In summer, the sun is high enough that it doesn’t bother me and in winter, it’s cloudy most of the time and rather pleasant. Feb-March and October-November are the most difficult times to work in those conditions so you have my sympathy 🙂

    1. I think your experience is much like mine. I wonder if there’s an inventor out there somewhere who can design the perfect ‘writer’s blind’ to combat the whole sunshine/weather challenge?

  3. Not exactly on-topic but so close to your experience it seems a pity not to mention it.
    I once attended a major conference at an institution that shall remain nameless. They proudly placed us all in their new state of the art conference room. Having no doubt had similar experiences to you, the architect had included sunlight-controlled automatic shutters down the full length of the south wall.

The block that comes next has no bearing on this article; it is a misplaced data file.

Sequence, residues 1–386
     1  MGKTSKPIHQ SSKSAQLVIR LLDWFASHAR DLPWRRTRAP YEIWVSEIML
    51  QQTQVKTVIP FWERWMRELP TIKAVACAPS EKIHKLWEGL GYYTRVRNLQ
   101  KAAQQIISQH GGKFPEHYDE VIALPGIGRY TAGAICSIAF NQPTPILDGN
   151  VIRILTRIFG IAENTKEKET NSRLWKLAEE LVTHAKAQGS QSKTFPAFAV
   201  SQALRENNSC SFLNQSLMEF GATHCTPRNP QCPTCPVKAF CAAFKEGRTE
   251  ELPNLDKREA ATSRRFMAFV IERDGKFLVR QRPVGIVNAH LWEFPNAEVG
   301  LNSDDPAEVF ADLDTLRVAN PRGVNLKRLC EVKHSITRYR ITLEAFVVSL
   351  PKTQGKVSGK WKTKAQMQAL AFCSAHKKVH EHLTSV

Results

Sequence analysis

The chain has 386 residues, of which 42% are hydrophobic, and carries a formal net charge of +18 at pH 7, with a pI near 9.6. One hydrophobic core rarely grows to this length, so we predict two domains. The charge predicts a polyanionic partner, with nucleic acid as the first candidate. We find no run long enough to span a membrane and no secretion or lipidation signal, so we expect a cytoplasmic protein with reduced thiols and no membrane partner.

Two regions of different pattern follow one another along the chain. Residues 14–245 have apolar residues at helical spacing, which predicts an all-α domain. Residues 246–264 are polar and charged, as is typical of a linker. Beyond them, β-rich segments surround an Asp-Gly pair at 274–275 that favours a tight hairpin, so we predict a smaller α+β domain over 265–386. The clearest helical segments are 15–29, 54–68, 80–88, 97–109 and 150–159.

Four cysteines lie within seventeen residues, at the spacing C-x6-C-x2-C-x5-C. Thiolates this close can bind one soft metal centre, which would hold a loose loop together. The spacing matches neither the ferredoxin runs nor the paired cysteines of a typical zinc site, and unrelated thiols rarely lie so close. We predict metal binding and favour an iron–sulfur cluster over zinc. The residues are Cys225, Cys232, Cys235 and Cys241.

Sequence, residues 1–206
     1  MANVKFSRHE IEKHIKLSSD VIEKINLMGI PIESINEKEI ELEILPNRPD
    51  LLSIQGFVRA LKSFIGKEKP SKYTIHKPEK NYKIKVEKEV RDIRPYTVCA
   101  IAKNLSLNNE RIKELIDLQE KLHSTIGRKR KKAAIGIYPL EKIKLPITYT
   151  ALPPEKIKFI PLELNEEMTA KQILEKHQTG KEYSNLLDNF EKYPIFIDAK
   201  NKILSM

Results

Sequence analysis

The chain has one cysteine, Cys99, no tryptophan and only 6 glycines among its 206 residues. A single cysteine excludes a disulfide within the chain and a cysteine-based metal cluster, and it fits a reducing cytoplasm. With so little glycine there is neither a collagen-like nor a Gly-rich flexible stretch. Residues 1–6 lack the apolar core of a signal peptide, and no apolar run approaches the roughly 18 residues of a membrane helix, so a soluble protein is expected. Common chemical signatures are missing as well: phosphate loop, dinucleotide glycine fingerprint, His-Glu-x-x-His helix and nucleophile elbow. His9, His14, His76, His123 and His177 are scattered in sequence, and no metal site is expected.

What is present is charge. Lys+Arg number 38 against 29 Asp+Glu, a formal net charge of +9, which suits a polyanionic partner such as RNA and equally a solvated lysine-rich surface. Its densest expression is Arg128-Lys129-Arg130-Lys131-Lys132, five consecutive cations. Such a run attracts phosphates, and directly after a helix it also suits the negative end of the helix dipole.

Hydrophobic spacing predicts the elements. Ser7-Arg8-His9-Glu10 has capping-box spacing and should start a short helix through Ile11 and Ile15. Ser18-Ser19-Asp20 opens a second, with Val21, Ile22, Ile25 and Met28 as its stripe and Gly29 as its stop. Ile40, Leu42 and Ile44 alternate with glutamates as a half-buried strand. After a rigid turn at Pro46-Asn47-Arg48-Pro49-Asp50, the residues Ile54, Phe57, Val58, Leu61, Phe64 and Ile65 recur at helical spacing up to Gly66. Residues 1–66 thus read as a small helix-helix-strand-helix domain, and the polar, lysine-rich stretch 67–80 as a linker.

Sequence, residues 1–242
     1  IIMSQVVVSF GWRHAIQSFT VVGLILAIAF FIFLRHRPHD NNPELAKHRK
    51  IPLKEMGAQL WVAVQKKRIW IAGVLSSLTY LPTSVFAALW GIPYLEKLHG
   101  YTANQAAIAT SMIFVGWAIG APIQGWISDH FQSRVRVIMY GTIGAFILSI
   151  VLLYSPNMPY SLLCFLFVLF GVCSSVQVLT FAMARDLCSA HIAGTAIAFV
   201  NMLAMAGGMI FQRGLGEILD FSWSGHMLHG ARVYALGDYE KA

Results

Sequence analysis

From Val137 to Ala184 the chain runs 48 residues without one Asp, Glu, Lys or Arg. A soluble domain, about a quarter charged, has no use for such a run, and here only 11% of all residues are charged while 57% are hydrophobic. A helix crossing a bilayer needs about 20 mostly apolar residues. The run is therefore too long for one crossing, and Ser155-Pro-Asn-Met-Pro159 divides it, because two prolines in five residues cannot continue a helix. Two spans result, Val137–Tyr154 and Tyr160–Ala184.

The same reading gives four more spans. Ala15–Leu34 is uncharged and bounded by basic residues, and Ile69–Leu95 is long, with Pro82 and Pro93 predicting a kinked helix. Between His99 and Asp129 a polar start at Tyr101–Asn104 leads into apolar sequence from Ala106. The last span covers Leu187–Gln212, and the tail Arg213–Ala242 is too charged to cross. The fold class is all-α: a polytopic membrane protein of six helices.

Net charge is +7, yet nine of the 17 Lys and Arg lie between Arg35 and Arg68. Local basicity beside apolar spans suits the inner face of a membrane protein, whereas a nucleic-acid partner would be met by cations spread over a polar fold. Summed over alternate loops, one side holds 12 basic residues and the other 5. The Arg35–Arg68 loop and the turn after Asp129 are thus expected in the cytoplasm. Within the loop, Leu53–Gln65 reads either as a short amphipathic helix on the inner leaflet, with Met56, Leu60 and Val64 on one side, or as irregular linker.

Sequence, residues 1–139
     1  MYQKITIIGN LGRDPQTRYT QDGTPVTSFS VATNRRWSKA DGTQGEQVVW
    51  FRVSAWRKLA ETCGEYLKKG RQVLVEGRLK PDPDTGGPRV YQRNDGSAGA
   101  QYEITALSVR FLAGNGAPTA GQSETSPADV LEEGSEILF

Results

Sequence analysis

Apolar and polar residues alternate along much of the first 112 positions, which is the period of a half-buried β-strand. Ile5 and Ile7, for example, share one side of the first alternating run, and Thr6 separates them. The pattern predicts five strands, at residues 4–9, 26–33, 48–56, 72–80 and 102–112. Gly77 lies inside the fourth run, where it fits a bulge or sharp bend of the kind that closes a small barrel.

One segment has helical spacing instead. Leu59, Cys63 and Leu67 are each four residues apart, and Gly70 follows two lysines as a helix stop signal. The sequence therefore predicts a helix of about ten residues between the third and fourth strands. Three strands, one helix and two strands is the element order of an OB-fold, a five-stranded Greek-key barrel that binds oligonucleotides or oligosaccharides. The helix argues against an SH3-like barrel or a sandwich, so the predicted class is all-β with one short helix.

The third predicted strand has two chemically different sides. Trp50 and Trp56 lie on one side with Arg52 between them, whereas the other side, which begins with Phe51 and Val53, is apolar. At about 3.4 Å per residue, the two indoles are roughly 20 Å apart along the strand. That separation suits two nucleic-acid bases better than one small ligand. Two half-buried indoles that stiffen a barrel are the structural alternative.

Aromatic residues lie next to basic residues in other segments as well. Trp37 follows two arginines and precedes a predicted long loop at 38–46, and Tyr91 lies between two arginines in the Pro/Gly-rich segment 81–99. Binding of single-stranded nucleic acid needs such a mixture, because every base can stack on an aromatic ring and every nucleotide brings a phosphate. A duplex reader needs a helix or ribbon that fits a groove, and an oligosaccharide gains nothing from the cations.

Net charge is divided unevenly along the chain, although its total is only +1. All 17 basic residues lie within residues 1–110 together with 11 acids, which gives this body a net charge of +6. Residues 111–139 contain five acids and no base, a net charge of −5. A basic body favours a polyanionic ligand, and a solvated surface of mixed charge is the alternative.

As the main speaker stood up to read his carefully composed presentation the shutters demonstrated their worth, rattling shut with a noise like 60 bowling pins collapsing.
    Unfortunately for him the sky that day contained an hour-long procession of small but dense clouds, all moving purposefully in an easterly direction…

    1. The best laid plans…. Sixty bowling pins collapsing – thanks for giving me my laugh-out-loud moment of the afternoon! 🙂